Is your sofa looking grubby? If your cosy place to chill out is in dire need of some TLC (think nasty stains and deeply ingrained dirt), there’s no need to call in the upholstery pros (just yet). That’s right – there are many ways to clean sofa upholstery at home (and save money in the process).
Cleaning a sofa at home – how to get started
Cleaning a sofa can be a little daunting, even if you’re an experienced cleaning pro. And that’s understandable – after all, it’s your living room’s pièce de résistance, and the first place for visiting guests to settle. So it’s worth taking the time to carefully plan its clean up.
Step 1. Check the manufacturer’s instructions
Before getting started, it’s important to check the manufacturer’s instructions and advice on cleaning the fabric. Long since thrown these away or can’t find them? No stress – simply drop the retailer or manufacturer an email, or look for the fabric cleaning code on your sofa.
The fabric cleaning code is usually printed on a sticker, tag or label and can often be located under the seat cushions. Here’s a helpful guide to the main upholstery cleaning symbols:
- S: dry clean only using a solvent-based cleaner – it’s time to call in the pros.
- W: only clean with a steam cleaner or a water-based detergent.
- SW or WS: you can use either a water-based detergent or a dry-cleaning detergent.
- O: this material is organic and you should wash it using cold water.
- X: your sofa needs to be professionally cleaned, as washing with water or detergents could damage the material.
If in doubt, it’s worth speaking to an upholstery expert.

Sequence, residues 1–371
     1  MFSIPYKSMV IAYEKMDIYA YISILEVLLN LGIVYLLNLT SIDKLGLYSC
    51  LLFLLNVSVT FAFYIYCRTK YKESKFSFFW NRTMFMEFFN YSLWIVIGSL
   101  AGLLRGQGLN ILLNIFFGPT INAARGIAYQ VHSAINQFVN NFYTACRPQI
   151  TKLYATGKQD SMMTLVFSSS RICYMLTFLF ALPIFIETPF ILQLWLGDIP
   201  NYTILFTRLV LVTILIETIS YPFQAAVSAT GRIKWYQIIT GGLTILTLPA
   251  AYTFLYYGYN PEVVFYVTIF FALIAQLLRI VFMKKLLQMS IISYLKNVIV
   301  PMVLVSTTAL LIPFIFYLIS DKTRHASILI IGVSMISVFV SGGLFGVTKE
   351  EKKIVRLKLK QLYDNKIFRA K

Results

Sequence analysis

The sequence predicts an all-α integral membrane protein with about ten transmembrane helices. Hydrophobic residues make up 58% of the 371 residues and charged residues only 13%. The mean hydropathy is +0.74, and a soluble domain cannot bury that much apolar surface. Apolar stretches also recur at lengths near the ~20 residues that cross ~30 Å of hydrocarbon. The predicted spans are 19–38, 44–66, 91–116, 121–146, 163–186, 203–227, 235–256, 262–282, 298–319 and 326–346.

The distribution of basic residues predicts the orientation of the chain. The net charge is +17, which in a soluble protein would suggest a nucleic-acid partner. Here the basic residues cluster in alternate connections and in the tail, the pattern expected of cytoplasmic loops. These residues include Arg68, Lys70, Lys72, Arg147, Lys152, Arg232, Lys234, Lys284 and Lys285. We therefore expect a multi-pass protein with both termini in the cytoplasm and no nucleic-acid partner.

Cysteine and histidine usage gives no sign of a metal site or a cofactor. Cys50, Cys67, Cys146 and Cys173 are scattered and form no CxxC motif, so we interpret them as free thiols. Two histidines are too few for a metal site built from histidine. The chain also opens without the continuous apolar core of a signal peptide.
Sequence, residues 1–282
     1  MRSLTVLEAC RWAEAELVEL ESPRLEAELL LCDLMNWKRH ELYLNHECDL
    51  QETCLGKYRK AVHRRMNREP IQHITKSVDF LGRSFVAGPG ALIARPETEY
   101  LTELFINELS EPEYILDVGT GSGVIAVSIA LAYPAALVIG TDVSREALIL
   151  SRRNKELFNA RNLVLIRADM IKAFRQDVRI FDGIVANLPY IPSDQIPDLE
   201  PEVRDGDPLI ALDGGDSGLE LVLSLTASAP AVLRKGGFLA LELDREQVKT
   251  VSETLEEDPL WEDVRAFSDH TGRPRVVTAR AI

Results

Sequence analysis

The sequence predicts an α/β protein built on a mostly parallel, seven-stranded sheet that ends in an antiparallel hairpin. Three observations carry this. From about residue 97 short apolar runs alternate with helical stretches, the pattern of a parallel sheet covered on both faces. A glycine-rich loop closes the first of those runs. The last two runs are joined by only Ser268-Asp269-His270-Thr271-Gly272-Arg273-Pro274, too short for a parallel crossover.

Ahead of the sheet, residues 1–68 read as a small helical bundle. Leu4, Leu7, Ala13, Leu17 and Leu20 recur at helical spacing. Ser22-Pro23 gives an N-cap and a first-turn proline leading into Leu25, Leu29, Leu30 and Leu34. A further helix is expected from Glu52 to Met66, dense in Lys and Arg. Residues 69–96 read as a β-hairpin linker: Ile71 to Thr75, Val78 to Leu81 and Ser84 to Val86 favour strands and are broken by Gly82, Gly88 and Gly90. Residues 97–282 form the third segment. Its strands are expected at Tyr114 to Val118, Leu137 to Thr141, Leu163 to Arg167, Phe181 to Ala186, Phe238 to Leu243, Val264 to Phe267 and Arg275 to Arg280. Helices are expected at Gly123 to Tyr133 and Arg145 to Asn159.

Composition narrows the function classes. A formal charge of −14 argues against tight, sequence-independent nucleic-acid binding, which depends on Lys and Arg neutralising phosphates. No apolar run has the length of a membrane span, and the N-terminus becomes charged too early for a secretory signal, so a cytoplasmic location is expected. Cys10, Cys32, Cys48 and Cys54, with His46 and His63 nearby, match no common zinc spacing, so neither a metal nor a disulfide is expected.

Step 2. Vac up the dirt
Using the brush attachment on your vac, suck up any dirt, dust or crumbs from your sofa, sliding in between cushions and tight spaces using the crevice attachment. Finish off by brushing along the seams and edges.
Step 3. Clean the frames, feet and cushions
If your sofa has metal or wooden arms, frames or feet, then give them a good wipe down with a warm mild soapy solution and a soft cloth. If you have removable cushions and covers, remove these. Check the manufacturer’s instructions, and, if it’s safe to do so, pop the covers in the washing machine.
Step 4. The patch test
Whatever the fabric of your sofa, it’s important to carry out a patch test using your preferred cleaning solution. Choose a small spot that’s hidden around the back or underneath the sofa. Red flags to watch for include signs of discolouration, shrinkage, water marks or colour run.
Step 5. Choose the right cleaning method for your sofa upholstery
If you want to clean your fabric sofa naturally, a distilled white vinegar solution will remove any stains. Simply mix one cup of white vinegar and a cup of water in a spray bottle. Then spray the solution directly onto the stain. Using a clean cloth, blot the stain from the outer edge towards the centre, repeating the process until the stain is gone.
To clean and remove more stubborn stains on your fabric sofa (without the need for harsh chemicals), use a steam cleaner on its lowest setting. Remove your sofa’s cushions and then steam the sofa’s fabric from top-to-bottom, in the same way you’d vacuum it. Steam cleaning also deodorises and sanitises the upholstery. New to using your device? Here’s a nifty guide to steam cleaning.
When it comes to cleaning a leather sofa naturally, it’s important to know that there are two types of leather sofa: protected and unprotected.
Protected leather is more durable in nature, making it more suitable for regular cleaning. Take care with unprotected leather, particularly if it’s stained; it’s better to call in an expert.
Like fabric sofas, you can usually use either a white vinegar solution or mild soapy solution to clean your protected leather sofa. Mix equal parts white vinegar and water in a sizeable bowl, immerse a soft cloth in the solution and wring it out before wiping down the whole sofa, top to bottom.
Once done, dry off with a towel.
If your leather sofa is stained, follow the care instructions or ask a professional upholstery cleaner for some advice.
Looking for more sofa and furniture cleaning cleaning tips? We’ve got you covered.